The term India Pale Ale has evolved quite a bit over the past 25 years and has taken on a life of its own. Moving away from what was known over in Great Britain, IPA has typically meant a very hop forward, strong pale ale, taken further by the trend of the West Coast IPA. In the last 15 years or so, IPA and West Coast IPA signified the beer you were buying and drinking was hop forward in terms of bitterness, fruitiness and aroma. The New England-style beers have great hop aroma, but when brewed as intended, have much less bitterness than the very popular West Coast Style IPA. Peaks & Pints is here to bring sexy back … at least for today. It’s time to shine a light on a few old-school tasting IPAs — some old and some new. Stop by our Proctor District craft beer lodge and grab Peaks and Pints Pilot Program: Bitterness On The Fly.
Peaks and Pints Pilot Program: Bitterness On The Fly
6.2% ABV, 52 IBU
IPA was Lagunitas Brewing’s first seasonal, released in 1995. The beer’s labels claim it’s “made with 43 different hops and 65 various malts,” which would be badass if true, if wildly impractical. Cascade and Centennial are in the greatest abundance, and they combine to deliver flavors and aromas of citrus zest, bitter pine, grass, earth and just a pinch of crystal malt to keep the hops in proportion. Finish is mostly bitter but balanced, with a slight lingering bitterness.
6.6% ABV, 45 IBU
In August 2016, Ty Paxton and Zach Turner opened Single Hill Brewing in an old JC Penney Tire Center in downtown Yakima. The two first met at a cider pressing party that a mutual friend was hosting in 2013. Three years later, over pints at Bale Breaking Brewing, the two hatch the idea for a community-based brewery in a town dear to their hearts. Exploding with flavors of pineapple, grapefruit, and nectarine, Fundamental Tone dips back into the resinous bite of old school IPAs and takes it all to a new dimension.
Built For Speed is Grains of Wrath founder and brewmaster Mike Hunsaker’s West Coast IPA recipe that he’s had in his pocket for a while. This light-bodied IPA hist the nose with orange, mango, melon, grapefruit, and pine. The palate opens bright and bitter with dank pine resin, grapefruit, and orange peel bitterness followed by bright melon, mango, and floral notes. This crisp, creamy IPA finishes dry with fruit and mild dankness.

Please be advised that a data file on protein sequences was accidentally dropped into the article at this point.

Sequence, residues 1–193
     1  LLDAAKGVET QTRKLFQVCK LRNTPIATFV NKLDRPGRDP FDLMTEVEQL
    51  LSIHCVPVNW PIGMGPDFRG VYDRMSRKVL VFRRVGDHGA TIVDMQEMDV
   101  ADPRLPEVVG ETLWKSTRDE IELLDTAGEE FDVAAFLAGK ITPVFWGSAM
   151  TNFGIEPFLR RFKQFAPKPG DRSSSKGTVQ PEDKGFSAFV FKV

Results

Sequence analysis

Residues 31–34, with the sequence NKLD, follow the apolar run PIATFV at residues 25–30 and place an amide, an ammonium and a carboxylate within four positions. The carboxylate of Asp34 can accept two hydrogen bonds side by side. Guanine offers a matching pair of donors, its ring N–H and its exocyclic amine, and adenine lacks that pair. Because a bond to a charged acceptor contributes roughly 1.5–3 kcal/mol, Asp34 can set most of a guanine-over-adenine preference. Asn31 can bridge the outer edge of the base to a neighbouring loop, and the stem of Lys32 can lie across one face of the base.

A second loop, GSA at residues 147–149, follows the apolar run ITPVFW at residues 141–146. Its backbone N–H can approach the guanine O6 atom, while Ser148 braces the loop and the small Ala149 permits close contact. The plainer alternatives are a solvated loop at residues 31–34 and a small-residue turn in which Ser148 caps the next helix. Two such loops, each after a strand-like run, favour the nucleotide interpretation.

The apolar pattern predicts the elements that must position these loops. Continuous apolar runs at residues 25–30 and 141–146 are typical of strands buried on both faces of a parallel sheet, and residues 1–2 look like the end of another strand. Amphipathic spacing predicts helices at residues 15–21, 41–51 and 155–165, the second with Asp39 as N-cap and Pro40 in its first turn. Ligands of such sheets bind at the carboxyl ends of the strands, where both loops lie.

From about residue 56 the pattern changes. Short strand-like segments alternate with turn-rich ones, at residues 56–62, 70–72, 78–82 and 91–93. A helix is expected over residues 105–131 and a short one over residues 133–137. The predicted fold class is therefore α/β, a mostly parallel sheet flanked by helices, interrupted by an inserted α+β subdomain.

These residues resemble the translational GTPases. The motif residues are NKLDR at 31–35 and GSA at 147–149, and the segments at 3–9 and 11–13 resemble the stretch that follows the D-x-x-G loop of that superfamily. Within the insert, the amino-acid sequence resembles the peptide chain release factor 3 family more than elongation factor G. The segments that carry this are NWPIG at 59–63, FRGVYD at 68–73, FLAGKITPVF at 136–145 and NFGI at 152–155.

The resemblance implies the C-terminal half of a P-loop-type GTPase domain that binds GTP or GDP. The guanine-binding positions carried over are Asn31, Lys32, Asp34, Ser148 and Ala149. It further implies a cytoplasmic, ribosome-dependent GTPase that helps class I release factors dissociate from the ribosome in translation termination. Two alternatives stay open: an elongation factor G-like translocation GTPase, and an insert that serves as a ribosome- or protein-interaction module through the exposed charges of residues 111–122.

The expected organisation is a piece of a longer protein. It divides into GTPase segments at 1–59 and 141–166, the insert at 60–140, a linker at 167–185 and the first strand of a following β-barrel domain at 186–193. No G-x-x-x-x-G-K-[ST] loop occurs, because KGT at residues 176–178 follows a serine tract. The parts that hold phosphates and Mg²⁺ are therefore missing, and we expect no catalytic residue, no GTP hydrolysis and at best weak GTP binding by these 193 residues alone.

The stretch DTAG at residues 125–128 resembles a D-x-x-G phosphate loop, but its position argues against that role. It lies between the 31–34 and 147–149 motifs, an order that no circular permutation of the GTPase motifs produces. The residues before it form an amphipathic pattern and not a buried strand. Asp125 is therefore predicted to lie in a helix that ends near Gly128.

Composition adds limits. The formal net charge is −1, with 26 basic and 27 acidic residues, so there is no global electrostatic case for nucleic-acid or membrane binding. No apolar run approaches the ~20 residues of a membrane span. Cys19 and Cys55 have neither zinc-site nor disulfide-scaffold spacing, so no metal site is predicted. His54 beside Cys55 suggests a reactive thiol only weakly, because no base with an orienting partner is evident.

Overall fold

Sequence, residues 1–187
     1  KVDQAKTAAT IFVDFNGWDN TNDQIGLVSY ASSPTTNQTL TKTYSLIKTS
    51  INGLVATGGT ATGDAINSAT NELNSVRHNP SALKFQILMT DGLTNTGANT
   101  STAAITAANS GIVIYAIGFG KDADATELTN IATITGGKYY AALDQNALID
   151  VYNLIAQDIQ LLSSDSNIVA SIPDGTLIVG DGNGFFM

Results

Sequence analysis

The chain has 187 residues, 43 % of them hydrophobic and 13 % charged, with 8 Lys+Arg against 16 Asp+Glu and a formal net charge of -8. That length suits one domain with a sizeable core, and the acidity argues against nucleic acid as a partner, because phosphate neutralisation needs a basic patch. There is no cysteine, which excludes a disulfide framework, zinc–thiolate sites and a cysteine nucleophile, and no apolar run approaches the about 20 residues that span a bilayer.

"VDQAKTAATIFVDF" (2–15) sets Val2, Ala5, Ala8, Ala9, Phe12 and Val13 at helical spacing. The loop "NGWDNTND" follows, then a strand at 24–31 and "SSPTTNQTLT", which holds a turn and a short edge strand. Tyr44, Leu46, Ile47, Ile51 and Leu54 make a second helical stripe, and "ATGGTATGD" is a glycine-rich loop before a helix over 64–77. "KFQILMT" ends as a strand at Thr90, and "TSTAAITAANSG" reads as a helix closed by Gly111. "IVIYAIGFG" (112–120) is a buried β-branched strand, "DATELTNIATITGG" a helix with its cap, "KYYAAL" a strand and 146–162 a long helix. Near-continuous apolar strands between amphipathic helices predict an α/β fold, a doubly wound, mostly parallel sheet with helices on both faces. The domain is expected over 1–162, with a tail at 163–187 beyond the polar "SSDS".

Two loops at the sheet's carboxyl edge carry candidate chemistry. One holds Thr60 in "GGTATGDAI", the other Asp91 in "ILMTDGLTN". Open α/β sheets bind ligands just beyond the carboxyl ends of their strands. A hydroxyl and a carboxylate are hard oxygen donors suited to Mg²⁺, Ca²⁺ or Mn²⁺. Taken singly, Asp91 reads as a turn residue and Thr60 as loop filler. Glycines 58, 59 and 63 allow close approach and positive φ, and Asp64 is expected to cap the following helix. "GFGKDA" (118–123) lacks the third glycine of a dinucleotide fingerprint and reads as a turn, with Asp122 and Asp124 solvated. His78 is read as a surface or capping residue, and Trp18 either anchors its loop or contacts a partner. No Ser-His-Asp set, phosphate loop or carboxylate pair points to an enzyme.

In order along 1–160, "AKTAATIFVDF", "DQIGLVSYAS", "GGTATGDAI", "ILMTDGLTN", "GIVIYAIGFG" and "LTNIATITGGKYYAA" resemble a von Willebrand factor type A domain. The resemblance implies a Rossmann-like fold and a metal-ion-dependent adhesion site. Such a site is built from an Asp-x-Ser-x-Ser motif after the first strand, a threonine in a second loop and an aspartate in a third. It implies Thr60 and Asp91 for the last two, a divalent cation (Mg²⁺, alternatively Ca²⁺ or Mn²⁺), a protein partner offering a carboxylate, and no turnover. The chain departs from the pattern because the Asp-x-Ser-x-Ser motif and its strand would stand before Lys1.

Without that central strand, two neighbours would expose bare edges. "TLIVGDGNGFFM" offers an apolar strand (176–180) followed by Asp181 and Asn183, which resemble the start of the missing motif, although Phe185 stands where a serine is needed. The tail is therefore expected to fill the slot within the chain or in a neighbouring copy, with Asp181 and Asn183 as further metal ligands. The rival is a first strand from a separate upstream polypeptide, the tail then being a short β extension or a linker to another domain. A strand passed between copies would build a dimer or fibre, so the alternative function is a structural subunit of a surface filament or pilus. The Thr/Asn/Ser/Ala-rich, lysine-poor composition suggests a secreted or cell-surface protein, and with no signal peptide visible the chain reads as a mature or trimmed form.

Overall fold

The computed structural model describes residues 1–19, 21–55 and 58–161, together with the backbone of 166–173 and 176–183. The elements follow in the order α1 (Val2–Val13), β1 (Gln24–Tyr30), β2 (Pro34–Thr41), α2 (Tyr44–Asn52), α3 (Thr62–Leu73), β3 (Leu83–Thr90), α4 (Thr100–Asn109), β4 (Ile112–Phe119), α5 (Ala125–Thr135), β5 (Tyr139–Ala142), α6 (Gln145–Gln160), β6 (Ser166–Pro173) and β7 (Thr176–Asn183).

Wayfinder Beer teamed up with fellow Portland brewery Breakside to brew this West Coast Cali-style IPA. Brewed in the classic California fashion, Retro Gold is a lean and assertive IPA that reminds us of beer before the NE Juicy IPA explosion. Expect big aromatics of pine and citrus, followed by a sticky/piney hop bomb with decent heft.
Tri-clamp fittings are the gold standard in professional breweries. They’ve been widely adopted in homebrewing too as T.C. kettles, fermenters, and pumps become more widely available. Tri-clamp fittings allow you to make a sanitary connection without any nooks or crannies for contaminants to hide in and they can be cleaned in place. Brothers Cascadia teamed up with Breakside Brewery and named their West Coast IPA after the valuable piece of brewing equipment. Expect billowing aromas and intense flavors of dank citrus, ripe papaya, and assertive bitterness.
6.9% ABV, 70 IBU
Bale Breaker’s flagship IPA has changed lives. In fact it’s rumored that Birchfield, the unincorporated community in Yakima County where Bale Breaker harvests hops and brews beer, is considering changing its name to Topcutter, Washington, to draw tourists from nearby Yakima. And why wouldn’t Birchfield’s council? Topcutter is a well-balanced yet aggressive West Coast IPA that showcases Yakima Valley hops, including late additions of Simcoe, Citra, Loral and Mosaic for a balance between a strong, pine bitterness, and a restrained, refreshing citrus and fruity brightness.